The finest track on the album and best chance for a country chart hit is "Robin Song." The production and vocals are pitch perfect. Likewise, the alt country "We're Related" is an amazing surprise blending Americana, gospel and traditional country.

The cut "Comfort In Three-Quarter Time" (which would have been a great album title) introduces Terry Mills as country balladeer. "Defenseless" is sung with sincerity as is the tender "Soar." The album ends with an earnest folk track titled "Noel Y'all." The lyrics pierce the soul and would make Joni Mitchell proud.

Terry Mills is a creative and exciting new artist worthy of a music career. She wrote every track on the album, except one, and "Man Behind The Curtain" is an amazing example of an artist just on the cusp of finding her signature sound. Indeed, the 11 songs on the album conclusively prove that the next time we see this woman step from behind the curtain, we should be prepared to witness great things.

San Angelo Standard Times

— Longtime San Angelo singer-songwriter Terry Mills has written and performed music for years, but she never gave much thought to making a CD until about five years ago.

“Then, I started talking about it, but I never did anything about it,” Terry told me.

“I finally got tired of hearing myself talk and decided I was going to do it.”

Thursday, you can hear the result, titled “Man Behind the Curtain.”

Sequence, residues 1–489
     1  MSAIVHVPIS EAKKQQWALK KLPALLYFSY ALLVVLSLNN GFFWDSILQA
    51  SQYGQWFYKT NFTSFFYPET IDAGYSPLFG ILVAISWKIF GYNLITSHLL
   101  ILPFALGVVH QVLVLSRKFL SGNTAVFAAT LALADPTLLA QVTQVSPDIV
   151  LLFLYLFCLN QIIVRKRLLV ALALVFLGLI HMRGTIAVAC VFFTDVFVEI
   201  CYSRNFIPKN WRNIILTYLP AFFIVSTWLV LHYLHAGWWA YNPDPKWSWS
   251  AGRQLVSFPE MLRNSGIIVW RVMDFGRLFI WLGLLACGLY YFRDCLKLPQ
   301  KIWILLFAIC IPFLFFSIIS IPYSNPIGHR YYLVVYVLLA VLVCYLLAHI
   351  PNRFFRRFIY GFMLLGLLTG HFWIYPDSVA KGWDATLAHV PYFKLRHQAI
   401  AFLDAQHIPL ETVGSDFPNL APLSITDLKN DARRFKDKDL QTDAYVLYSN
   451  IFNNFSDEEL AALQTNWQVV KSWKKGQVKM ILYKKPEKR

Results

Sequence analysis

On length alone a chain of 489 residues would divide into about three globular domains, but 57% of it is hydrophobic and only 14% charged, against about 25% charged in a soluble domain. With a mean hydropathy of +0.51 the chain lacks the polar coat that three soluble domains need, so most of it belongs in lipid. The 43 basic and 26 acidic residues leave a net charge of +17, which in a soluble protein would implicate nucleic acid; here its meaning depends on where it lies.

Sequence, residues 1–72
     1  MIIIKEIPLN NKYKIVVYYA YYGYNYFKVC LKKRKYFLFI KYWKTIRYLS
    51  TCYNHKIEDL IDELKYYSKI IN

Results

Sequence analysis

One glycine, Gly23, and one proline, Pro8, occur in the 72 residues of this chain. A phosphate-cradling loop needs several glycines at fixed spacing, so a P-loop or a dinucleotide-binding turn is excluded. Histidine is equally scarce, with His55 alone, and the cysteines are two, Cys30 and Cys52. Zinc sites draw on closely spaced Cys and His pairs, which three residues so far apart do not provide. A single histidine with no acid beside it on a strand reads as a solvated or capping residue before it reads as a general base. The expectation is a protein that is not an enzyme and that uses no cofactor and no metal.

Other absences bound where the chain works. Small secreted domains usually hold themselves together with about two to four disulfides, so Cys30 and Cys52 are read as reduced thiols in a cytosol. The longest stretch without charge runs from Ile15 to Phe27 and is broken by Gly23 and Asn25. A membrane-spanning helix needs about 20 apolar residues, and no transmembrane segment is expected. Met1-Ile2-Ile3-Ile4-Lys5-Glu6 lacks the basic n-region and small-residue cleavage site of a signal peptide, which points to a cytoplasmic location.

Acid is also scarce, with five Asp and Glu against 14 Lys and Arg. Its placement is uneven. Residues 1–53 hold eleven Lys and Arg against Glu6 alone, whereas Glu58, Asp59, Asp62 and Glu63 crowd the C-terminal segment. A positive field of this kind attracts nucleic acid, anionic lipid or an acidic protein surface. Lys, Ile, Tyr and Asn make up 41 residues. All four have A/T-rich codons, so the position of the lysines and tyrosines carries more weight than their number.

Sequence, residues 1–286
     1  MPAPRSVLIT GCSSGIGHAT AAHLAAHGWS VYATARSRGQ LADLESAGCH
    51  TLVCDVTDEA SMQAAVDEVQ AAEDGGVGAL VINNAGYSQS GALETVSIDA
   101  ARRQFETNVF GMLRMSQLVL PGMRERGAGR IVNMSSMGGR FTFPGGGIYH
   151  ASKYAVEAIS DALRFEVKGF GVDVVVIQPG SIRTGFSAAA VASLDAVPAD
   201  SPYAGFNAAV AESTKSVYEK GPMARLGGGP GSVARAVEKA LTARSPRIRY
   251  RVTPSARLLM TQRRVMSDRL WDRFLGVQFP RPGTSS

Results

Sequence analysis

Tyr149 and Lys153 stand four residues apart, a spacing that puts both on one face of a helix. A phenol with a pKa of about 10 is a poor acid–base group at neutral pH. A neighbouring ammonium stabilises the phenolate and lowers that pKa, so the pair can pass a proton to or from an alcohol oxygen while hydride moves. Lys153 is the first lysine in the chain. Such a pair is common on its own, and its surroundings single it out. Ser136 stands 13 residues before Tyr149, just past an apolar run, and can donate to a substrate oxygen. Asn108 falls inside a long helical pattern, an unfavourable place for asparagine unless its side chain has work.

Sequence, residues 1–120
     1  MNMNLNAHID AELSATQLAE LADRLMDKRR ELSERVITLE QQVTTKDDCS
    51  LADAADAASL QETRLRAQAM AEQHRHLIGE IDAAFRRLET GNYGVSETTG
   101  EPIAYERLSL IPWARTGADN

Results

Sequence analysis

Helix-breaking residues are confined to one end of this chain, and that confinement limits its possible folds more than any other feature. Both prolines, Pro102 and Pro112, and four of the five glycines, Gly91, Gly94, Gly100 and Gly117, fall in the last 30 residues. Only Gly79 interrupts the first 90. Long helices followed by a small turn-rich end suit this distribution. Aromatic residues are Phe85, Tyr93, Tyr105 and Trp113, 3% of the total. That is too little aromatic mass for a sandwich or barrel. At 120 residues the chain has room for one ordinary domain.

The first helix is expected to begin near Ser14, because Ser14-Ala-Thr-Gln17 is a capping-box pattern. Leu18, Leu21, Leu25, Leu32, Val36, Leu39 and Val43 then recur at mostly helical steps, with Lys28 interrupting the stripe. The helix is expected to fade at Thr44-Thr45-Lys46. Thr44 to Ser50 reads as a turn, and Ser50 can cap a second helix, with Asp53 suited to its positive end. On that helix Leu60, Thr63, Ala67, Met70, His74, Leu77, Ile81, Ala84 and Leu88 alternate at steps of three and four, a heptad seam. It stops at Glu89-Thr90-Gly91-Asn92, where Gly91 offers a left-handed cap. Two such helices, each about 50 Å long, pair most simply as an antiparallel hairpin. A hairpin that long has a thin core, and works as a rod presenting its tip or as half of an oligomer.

Terry and friends will play for her CD release party and concert at 6:30 p.m. Thursday at the Chicken Farm Art Center, 2505 Martin Luther King. There is no charge for the outdoor event, which is a part of the art center’s 2nd Thursday Yard Concert series. We are welcome to bring our lawn chairs, ice coolers, food and drinks. Food also will be available for sale from the adjacent Silo House Restaurant. For information, call 653-4936.

Her CDs will be sold at the concert. They also will be for sale beginning Thursday at and at Hastings in San Angelo.

Terry’s no stranger to local fans of live music.

“I’ve been playing in San Angelo since my daughter was 6, nearly 18 years,” said Terry, an El Paso native who moved here 20 years ago.

Terry said she abandoned piano lessons and learned to play guitar at age 14 after hearing “House of the Rising Sun” and “Where Have All the Flowers Gone?”

“I found you could play most folk songs by learning only five chords. I jumped ship and never went back to the piano,” she said, smiling.

Terry began writing her own music a few years later and sang publicly for the first time at age 16, at a wedding.

But singing and songwriting were an “off and on” thing for Terry, who works as a paralegal, until she finally decided to make the CD.